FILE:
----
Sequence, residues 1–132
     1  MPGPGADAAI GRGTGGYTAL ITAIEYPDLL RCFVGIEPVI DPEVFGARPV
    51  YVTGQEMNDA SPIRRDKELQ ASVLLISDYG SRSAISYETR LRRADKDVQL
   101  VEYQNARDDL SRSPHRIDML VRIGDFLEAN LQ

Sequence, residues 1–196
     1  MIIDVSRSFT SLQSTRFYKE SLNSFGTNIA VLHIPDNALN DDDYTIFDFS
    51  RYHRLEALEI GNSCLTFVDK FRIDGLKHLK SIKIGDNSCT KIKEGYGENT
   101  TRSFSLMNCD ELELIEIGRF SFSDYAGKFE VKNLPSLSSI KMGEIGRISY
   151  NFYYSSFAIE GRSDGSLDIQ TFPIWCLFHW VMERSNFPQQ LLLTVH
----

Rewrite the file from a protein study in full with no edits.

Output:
Sequence, residues 1–132
     1  MPGPGADAAI GRGTGGYTAL ITAIEYPDLL RCFVGIEPVI DPEVFGARPV
    51  YVTGQEMNDA SPIRRDKELQ ASVLLISDYG SRSAISYETR LRRADKDVQL
   101  VEYQNARDDL SRSPHRIDML VRIGDFLEAN LQ

Sequence, residues 1–196
     1  MIIDVSRSFT SLQSTRFYKE SLNSFGTNIA VLHIPDNALN DDDYTIFDFS
    51  RYHRLEALEI GNSCLTFVDK FRIDGLKHLK SIKIGDNSCT KIKEGYGENT
   101  TRSFSLMNCD ELELIEIGRF SFSDYAGKFE VKNLPSLSSI KMGEIGRISY
   151  NFYYSSFAIE GRSDGSLDIQ TFPIWCLFHW VMERSNFPQQ LLLTVH